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06/22/2001 - Studio Backlots
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How to Produce Movies for Television

"The most important thing in communication is to hear what isn't being said."

-- Peter Ferdinand Drucker

Studio Backlots

In the glory days of Hollywood, the studio backlots were the place to shoot almost everything worth shooting. The backlots took on the persona of the world recreating the sidewalks of Old New York, wild and wooly western towns, the Chicago of the 1930s, and ancient Sparta, just to name a few. It was the place where movies were made.

At its zenith, MGM was making magical movie musicals and shooting was booked far ahead at all three backlots. In those days, studios often made around 100 pictures in a single year.

Today, it's a different story. Real estate has escalated to sky high proportions. As a result, MGM's backlots in Culver City have been converted into condominiums. 20th Century Fox in West Los Angeles has also been affected by the real estate boom. Their backlots have shrinked as well. And Universal studios uses much of their backlots today as part of their theme park, which is one of their biggest moneymakers.

Today, more than ever, television production of series occupy the studio sound stages and adjoining areas. Less films are shot at the studios in favor of runaway production locations. Toronto, Vancouver, North Carolina, and Pittsburgh are among the favorite places where more and more films are being shot.

The advantage to a studio shoot is that there is almost total access to important production departments. Wardrobe and makeup, props, and construction department are at the ready. There's also equipment readily available.

Other advantages of using a studio backlot include keeping the production under control. A studio backlot offers a more enclosed environment. This means working without any interference from city traffic or other annoying disturbances.

Directors who live in the Hollywood area often prefer to shoot on backlots even though they don't look as good as real life locations. The reason is because they can come home at night and be with their families instead of staying in a hotel.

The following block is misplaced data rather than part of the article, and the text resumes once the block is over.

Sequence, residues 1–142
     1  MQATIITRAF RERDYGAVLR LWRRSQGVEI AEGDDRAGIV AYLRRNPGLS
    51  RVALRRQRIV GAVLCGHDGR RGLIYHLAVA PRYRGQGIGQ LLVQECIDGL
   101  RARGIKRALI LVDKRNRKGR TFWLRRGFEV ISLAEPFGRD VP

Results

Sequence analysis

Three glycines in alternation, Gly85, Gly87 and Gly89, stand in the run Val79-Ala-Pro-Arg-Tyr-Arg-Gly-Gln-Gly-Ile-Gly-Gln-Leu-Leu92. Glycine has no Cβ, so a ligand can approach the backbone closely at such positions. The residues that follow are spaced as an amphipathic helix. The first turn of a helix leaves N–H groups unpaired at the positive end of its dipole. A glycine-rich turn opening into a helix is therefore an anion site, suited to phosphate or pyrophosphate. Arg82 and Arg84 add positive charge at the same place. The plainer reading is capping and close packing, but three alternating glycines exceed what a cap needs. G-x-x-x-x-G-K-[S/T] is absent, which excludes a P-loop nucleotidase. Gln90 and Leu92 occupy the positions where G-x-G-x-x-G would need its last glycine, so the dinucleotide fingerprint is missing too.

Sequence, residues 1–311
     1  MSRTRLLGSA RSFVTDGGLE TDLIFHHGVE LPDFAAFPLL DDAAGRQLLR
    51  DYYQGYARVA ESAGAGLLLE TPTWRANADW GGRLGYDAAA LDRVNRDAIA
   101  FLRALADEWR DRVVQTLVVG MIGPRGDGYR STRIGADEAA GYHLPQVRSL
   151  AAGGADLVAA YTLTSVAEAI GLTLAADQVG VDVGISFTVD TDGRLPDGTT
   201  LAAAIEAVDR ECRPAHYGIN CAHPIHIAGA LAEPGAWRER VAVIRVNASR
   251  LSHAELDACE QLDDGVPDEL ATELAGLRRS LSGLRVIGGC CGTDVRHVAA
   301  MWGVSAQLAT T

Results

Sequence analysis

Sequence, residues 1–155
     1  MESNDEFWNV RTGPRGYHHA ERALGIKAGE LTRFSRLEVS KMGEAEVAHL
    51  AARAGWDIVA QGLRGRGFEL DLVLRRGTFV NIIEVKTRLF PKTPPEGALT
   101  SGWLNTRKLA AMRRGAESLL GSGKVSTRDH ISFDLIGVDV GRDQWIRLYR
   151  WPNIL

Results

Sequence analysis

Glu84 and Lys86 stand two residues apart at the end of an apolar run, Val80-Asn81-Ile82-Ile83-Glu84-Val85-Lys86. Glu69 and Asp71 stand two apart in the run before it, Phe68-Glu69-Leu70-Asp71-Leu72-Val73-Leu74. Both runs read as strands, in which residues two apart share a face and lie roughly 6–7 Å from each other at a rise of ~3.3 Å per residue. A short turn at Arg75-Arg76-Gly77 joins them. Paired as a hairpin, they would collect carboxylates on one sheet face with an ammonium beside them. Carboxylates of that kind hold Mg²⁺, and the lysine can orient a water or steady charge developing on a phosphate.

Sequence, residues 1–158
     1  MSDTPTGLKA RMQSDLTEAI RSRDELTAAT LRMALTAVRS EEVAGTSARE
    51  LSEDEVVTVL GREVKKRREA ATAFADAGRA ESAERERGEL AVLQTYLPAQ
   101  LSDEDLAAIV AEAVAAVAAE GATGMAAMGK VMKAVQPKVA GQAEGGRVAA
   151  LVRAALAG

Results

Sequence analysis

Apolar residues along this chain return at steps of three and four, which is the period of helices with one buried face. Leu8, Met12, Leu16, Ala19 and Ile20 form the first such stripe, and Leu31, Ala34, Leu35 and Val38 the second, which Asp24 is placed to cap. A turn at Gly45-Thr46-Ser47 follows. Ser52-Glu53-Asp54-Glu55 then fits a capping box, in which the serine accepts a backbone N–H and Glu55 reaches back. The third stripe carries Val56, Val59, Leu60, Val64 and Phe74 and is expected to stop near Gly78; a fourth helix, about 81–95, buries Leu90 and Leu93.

How to Produce Movies for Television

There is, however, a familiarity about seeing the same backlot streets over and over again passing for the streets of New York. Another problem is that directors find the few streets that are left are too small and confining.. Real estate values have eroded a way of life that was once backlot heaven.

Conversely, there is a problem when it comes to shooting Toronto for New York. After a while, the audience sees the same stores. They all too easily recognize that it's not New York after all.

Other pluses for backlot shoots include easy accessibility to setups. For example, rain on demand is no problem. The power is self-contained for lights to lead the way during difficult productions which rely on night shoots.

The downside at backlots is that the limited space is confining for the director and cinematographer. The shots are more limiting and as a result it becomes more and more repetitious because there isn't much room for innovation.

Two of the best backlot studios in Los Angeles are the the Warner Bros. and Universal lots. They still have the best New York Streets and Western Streets.

The episodic directors still prefer the Hollywood film crews because according to many veterans they're the best in the world. But the truth is that it's very difficult to find substitute locations for the real places. With all its attendant problems, shooting New York for New York is far more real than the most authentic looking backlot.

The business of the business is rapidly changing. Computer generated images and digital shoots are the way of the world. In time, the face of the industry and technological advances will change the way films are made forever.

Those who are adaptable to change will survive and thrive. And those who don't, won't. In today's world, employing creative strategies is what counts.

"Perception is strong and sight weak. In strategy, it is important to see distant things as if they were close and to take a distanced view of close things."

-- Miyamoto Musashi, Japanese warrior and strategist






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